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New Moon, the second film of the Twilight Saga, is a solid sequel to a popular franchise.  It will no doubt please its hardcore fan base, but there’s also enough satisfy the casual film-goer (who (1) isn’t out to savage the film for the sake of it and (2) judges it in its appropriate context).  3.5/5 stars!

I have caught Twilight fever. 

Well, not really.  I am more intrigued by why the Twilight Saga has captivated so many people as opposed to the story itself.

And after watching the second movie in the Saga, New Moon, I must admit I still don’t really get it.  Is it the seemingly perfect love between a teenage girl and a vampire?  Or is it the fact that their relationship is dangerous and forbidden?  Or is it just because the vampire is (according to most sources) an incredibly hot dude?  Or is it all of the above?

I don’t know the answer, but what I do know is that New Moon is actually a pretty decent movie.  An average film overall, but in context, a fairly strong sequel.  In my humble opinion, it’s certainly not worthy of the 1-star status it has been receiving from some critics.  In any event, hardcore fans will undoubtedly lap it up and box office numbers should be strong simply from multiple repeat viewings from young girls (and from what I hear oldies too).

New Moon picks up from where Twilight left off, with teenager Bella Swan (Kristen Stewart) and her dreamy, ‘perfect’ vampire boyfriend Edward Cullen (Robert Pattinson, aka ‘Rob Patz’) rolling in the bliss of love.  Those who have read the book will know what happens next, but I was quite annoyed with how the previews effectively show you the essence of the first half-hour of the movie and then reveals the major twists and secrets of the entire film!  If you’ve been lucky enough to avoid the previews then I’m sure you will find New Moon a more pleasurable experience.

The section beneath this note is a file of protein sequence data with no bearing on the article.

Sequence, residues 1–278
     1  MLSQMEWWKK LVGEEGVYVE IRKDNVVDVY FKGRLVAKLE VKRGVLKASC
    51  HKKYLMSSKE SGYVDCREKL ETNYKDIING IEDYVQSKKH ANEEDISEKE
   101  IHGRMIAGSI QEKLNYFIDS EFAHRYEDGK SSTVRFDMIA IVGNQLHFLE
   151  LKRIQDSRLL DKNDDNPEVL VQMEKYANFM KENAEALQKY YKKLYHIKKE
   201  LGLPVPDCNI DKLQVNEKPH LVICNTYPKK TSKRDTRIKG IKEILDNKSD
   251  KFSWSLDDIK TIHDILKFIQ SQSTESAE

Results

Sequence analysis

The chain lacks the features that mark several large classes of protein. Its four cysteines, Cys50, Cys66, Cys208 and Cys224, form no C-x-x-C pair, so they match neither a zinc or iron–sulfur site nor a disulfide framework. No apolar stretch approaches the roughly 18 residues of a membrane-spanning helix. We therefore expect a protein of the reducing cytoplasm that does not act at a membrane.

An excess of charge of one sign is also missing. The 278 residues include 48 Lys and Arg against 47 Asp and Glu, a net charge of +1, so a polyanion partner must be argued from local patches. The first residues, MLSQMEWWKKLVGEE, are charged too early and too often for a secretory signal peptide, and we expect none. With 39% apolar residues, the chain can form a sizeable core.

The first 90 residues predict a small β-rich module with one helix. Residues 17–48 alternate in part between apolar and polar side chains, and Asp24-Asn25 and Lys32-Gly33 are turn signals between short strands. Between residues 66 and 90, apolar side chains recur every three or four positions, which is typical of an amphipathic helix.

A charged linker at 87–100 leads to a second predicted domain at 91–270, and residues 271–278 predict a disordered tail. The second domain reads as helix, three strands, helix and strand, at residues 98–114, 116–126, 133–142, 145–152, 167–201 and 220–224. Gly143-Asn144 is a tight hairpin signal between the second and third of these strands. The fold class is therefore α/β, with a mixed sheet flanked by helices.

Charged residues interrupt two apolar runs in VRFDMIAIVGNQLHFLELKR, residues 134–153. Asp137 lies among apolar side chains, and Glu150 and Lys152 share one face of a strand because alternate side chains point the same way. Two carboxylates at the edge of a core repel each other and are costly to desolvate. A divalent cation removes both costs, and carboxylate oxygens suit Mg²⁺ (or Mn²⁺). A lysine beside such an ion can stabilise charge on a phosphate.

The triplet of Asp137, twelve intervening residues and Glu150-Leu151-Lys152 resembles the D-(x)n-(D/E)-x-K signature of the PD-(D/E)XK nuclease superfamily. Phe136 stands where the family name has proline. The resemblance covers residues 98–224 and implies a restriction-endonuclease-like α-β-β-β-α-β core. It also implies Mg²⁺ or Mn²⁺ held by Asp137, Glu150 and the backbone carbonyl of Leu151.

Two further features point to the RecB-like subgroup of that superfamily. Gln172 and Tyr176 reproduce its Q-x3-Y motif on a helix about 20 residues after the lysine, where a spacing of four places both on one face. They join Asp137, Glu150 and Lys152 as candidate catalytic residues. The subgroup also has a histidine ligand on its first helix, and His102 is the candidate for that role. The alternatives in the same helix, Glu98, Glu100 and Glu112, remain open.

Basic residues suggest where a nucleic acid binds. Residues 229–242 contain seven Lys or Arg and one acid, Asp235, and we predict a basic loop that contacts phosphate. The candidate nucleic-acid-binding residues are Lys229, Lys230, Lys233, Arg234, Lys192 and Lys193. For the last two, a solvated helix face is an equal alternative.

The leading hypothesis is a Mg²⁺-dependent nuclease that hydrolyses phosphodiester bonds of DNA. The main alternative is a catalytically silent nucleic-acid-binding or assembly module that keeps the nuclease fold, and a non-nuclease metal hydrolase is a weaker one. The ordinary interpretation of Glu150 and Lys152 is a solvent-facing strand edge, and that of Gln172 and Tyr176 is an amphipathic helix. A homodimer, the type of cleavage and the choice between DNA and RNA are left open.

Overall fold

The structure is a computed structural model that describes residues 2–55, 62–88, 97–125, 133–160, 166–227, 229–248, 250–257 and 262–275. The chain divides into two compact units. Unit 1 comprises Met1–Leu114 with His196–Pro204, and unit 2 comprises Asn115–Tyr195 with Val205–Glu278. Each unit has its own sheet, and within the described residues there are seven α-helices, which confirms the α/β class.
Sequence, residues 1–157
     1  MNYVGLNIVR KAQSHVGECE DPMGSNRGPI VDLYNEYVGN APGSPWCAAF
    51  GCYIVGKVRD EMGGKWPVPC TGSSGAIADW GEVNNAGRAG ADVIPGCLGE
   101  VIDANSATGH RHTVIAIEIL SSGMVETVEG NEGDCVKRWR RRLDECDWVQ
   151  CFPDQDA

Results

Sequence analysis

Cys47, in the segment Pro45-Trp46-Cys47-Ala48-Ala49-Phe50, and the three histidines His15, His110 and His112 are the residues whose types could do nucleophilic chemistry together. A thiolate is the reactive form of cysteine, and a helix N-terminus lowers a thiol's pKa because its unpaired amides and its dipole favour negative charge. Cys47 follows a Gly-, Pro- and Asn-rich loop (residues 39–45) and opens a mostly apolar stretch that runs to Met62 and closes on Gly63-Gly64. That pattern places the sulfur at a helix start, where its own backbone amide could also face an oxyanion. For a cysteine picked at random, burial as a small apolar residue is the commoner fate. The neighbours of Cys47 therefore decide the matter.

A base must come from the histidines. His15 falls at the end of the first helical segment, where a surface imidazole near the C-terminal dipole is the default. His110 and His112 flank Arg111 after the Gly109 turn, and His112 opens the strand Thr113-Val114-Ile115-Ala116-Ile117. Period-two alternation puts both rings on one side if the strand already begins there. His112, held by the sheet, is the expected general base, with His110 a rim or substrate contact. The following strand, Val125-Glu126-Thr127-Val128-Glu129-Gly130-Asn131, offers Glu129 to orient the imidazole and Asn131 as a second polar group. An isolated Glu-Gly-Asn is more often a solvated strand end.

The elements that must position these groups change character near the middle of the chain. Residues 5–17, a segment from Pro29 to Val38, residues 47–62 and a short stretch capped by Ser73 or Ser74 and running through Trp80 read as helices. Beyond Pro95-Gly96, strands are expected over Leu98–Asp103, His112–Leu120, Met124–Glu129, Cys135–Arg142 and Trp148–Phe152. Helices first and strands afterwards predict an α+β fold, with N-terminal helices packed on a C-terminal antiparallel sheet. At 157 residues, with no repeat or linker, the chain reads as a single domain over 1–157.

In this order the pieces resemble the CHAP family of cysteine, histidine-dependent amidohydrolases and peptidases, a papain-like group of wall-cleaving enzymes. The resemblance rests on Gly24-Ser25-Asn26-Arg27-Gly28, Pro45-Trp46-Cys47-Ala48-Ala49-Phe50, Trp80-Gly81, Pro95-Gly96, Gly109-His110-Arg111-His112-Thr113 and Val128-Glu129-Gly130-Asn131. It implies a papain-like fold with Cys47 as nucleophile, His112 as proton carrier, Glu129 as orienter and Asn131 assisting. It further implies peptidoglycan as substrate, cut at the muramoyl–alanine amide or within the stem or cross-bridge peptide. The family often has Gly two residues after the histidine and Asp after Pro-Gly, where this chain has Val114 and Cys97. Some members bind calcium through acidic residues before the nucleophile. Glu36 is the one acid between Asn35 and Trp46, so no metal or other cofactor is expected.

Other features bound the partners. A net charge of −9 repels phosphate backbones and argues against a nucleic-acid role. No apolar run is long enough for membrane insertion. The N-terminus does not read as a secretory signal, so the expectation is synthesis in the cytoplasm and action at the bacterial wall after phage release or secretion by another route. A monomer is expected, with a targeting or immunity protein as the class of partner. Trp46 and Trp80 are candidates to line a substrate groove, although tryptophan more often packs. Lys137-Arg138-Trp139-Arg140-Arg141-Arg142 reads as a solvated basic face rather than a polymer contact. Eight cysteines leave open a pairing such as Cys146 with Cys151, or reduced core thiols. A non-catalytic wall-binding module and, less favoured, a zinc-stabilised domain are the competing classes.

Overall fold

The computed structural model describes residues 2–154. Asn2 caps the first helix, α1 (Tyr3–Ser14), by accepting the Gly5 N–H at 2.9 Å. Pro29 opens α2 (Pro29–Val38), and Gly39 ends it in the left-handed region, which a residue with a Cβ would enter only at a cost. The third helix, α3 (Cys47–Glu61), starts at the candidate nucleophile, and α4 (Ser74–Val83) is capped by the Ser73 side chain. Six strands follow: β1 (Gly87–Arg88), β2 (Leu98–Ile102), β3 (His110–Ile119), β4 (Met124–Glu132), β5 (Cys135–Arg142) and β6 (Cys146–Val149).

There's lots of love in New Moon

Anyway, I will start with the bad.  New Moon is a film that first and foremost tries to satisfy the desires of its fans, and that means romance comes before everything else.  While this may be great for its target audience, the problem with this is that if you’re not into the romance then the film falls apart very quickly.  Or alternatively, the movie may start to feel boring and tedious.  There’s a mushiness to Bella and Edward’s relationship that only a limited section of the public can truly appreciate, and I can totally understand why viewers might be turned off by some of the painful dialogue (especially at the start) – but bear in mind that most of it is apparently reproduced verbatim from the novel.  Besides, dialogue is always less excrutiating on the page than it sounds on the screen.

New Moon also assumes that you know the story (or at least the first film) quite well.  There are several references to characters, abilities, relationships and specific incidents from its predecessor, and your recollection and knowledge of these things are somewhat taken for granted.  With my shocking memory, it did take a while for me to remember what the heck was going on.